Why on earth 4am? Because I need to snooze at least once before I get up. I need time to faff in the mornings. I need time to make tea. I need time to contemplate whether or not I can go to the loo at that hour, usually not. And we had to drive to the Fellsman car park and get a shuttle bus to the finish in time to catch the bus to the start.

We left the house at 5.15am, and set off in search of the car park. Turned out to be in a quarry outside of the village. I bagged a sneaky spot by the gate and as luck would have it a mini bus turned up straight away. Oh and do I need to tell you it was raining? No. The 2019 Race Weather Fairy has clearly buggered off on holiday.

We got to the finish about 15 minutes before our bus. People were drifting in looking a bit pie-eyed and wandering around. Breakfast could be had if you’d ordered and paid for it but we had chosen not to. I had been very organised the night before and made myself a peanut butter sandwich for this time; eating before I left was simply too early for me. Sadly I lacked the wherewithal to bring it with me.

The bus arrived, we all trooped on. Dan and I sat together and Chris sat across the aisle, with a Fellsman veteran next to him, and Chris wasted no time asking for tips. I drifted off to sleep listening to the man giving instructions about which side of the wall to stick to…… go up the left side of that gully…… I hope Chris is taking notes…..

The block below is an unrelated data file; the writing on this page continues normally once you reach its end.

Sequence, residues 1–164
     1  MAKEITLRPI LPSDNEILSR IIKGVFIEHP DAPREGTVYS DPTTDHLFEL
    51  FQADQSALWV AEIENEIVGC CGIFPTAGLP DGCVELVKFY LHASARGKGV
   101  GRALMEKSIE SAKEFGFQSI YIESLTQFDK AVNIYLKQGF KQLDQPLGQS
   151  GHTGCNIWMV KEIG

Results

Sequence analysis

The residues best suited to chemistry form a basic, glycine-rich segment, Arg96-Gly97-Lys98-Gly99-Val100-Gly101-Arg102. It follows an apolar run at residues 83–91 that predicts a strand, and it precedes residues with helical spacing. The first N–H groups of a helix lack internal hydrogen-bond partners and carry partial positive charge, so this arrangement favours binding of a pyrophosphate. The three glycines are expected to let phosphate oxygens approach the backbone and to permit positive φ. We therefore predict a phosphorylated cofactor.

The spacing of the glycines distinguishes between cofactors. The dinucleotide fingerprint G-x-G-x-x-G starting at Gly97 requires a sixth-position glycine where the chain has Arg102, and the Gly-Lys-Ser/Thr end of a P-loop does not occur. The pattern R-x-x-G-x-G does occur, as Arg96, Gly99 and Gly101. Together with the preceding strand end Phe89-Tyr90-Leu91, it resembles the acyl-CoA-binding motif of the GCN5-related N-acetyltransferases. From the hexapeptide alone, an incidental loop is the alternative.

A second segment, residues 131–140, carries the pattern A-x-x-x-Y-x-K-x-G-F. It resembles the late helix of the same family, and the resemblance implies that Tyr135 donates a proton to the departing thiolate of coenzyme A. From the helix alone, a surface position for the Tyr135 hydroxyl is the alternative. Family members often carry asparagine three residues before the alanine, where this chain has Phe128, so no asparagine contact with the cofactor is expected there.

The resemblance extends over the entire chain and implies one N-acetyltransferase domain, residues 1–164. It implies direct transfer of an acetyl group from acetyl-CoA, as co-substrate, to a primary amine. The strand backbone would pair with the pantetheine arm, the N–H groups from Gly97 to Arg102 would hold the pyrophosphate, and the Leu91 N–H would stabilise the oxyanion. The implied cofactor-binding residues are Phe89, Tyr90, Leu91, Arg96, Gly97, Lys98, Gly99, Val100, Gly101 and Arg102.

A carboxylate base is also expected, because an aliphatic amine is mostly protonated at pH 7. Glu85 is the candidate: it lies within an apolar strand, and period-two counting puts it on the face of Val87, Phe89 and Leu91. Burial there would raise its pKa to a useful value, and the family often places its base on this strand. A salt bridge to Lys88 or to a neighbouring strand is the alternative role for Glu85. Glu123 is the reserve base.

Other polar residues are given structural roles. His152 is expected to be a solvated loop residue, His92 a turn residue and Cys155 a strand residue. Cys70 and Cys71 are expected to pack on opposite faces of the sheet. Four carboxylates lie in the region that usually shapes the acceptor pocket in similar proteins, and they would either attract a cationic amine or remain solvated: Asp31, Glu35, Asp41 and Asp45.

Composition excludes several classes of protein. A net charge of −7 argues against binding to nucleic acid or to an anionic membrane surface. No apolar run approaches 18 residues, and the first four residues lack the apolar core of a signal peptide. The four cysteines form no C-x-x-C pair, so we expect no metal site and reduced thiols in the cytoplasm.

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A dull photo, but it shows the terrain well that we had for the majority of the race.

The start in Ingleton was in the Community Centre and the huge hall quickly filled up with runners, all in various stages of dress. Looking outside, the sky was fairly bright but it was raining so we agreed to start the run wearing full waterproofs. Jamie found us – another Twitter mate long known but never met so it was great to meet him.

With echos of Hardmoors, we troop outside for the start in the rain and much to our amusement, as the field slowly started across the playing fields, it immediately split into two groups.  I didn’t expect to use the nav on my watch so quickly but we decided to go with the majority who branched left.  From the moment we left the playing fields we went up and didn’t stop until we reached the Ingleborough trig 3 miles later.  It was to be the easiest ascent of them all.

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Descending Ingleborough, with Ribblehead Viaduct in the far distance top right